Walter Ulbricht – a brief biography

Most leaders possess a strength of character, charisma even, for which they are either admired or disliked, loved or loathed, but always acknowledged. Walter Ulbricht, East Germany’s head of state from 1950 to 1973, was an unusually dull man, devoid of personality, devoted to the socialist cause, but with no empathy for the working masses, the very people he was supposedly fighting for.

Born 30 June 1893 in Leipzig, Walter Ulbricht left school after only eight years and became a cabinet maker.

Early Days

Walter UlbrichtJoining the German army in 1915, during the First World War, Walter Ulbricht served in both the Balkans and the Eastern Front but deserted towards the end of the war. Imprisoned in Belgium, he was released during the chaotic days of the German Revolution.

In 1920, he became a member of the German Communist Party, the KDP, and quickly rose through its ranks. He studied in the Soviet Union at the International Lenin School, a secretive school in Moscow that taught foreign communists how to be perfect Leninists and Marxists. In 1928, back in Germany, Ulbricht was elected into the Reichstag. It was a time of violent clashes between the communists and Nazis. Once Hitler assumed power as chancellor in January 1933, opposition parties were soon outlawed by his Enabling Act, and communists all over Germany fled or went into hiding. Ulbricht was one of them – fleeing first to France and Czechoslovakia, and then Spain during the Civil War of 1936-39 where he sided with the republicans in the International Brigades. He later received a medal for his time in Spain, angering fellow recipients, as Ulbricht never saw active service, preferring instead to hunt out Trotskyites and other unreliable elements within the KDP.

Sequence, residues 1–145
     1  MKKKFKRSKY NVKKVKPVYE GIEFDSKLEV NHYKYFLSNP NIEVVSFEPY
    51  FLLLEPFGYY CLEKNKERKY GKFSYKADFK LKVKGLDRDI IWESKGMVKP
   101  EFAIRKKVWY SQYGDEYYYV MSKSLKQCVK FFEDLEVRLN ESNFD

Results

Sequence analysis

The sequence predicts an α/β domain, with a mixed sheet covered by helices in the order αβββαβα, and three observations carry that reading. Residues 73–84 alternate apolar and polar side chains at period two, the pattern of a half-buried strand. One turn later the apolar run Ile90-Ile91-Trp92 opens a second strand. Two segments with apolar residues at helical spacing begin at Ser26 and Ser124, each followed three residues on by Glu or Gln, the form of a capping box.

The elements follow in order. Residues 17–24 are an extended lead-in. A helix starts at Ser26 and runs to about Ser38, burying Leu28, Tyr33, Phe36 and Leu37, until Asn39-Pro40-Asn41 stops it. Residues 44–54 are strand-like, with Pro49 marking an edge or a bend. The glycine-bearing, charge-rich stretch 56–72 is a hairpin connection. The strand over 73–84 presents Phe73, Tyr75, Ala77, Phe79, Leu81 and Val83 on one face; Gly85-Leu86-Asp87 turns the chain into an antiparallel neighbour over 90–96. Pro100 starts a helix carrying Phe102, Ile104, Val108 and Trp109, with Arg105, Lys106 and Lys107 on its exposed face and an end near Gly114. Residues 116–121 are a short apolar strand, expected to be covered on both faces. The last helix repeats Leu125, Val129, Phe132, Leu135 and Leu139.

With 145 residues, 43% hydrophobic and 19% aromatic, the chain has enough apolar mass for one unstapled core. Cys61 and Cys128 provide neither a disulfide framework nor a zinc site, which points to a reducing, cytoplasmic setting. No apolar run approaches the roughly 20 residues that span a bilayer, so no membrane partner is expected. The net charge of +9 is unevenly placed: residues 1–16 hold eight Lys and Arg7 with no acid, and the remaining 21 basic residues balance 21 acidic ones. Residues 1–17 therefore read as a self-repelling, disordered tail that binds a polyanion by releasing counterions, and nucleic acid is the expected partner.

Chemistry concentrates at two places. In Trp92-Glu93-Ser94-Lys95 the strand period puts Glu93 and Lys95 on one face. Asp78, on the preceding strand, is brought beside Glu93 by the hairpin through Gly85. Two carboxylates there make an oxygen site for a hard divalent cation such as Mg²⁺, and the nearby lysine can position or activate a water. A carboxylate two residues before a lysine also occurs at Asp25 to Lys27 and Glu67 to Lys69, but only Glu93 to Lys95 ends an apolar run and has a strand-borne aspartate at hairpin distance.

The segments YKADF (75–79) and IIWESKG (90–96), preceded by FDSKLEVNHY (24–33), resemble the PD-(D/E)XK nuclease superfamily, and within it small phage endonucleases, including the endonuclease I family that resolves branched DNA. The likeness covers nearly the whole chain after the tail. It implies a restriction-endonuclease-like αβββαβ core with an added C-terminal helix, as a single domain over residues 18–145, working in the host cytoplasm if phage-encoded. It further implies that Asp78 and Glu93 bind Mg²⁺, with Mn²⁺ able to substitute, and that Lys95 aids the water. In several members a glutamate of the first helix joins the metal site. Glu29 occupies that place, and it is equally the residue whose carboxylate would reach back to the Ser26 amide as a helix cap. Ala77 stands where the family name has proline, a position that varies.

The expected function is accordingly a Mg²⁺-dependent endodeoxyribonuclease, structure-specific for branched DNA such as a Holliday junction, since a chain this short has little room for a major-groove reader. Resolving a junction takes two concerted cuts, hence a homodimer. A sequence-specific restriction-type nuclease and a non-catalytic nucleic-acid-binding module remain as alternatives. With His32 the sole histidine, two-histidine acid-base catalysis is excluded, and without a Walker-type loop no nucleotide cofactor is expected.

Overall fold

He returned to Moscow in 1937, and actively supported Stalin’s show trials and purges. Ulbricht watched as many of his superiors were purged, allowing him to rise further up the KDP ladder. It was almost as if this blandness helped him survive while his more charismatic colleagues fell. As a non-entity, no one really noticed Walter Ubricht. During the war, he was let loose on German prisoners of war in order to ‘convert’ them to communism. Continue reading

The East German Uprising – an outline

The East German Uprising, 16-17 June 1953. Stalin had died three months before, and a new post-Stalinist era beckoned for those trapped behind the Iron Curtain. But if the workers of East Germany thought that Stalin’s death meant change, they were soon disabused as the East German premier, Walter Ulbricht, strove to increase industrial output.

Walter Ulbricht’s plan

East Germany’s economy was stagnating and Ulbricht (pictured), a Stalinist to the core, proposed a range of measures to pump-up the economy – increase taxes, increase prices and increase production by 10% – but with no corresponding increase in wages. If the new quotas were not met, workers were told, wages would be cut by a third. The Kremlin viewed these proposals with concern, advising Ulbricht to tone down the measures and slow down the intense pace of industrialisation that the East German leader insisted was necessary. For the workers of the German Democratic Republic this was a lose-lose scenario.

Citizens of post-war Eastern Europe did as their governments ordered, any protest was silent, whispered in dark corners. But these measures were too much; Ulbricht had gone too far.

Strike

On 16 June 1953, East Berlin construction workers downed tools. The following morning, 17 June, the strike had spread with over 40,000 demonstrators marching through the capital. Their demands at first focussed on the economic – a return to the old work quotas. But then as the strike spread to other cities – Leipzig, Dresden and some 400 cities and towns throughout East Germany, their voices gained strength and their hearts courage. They demanded increasingly more – free elections, a new government, democracy. Meetings were held; workers’ councils elected. In the East German town of Merseburg, workers stormed the police station and released prisoners from the jails.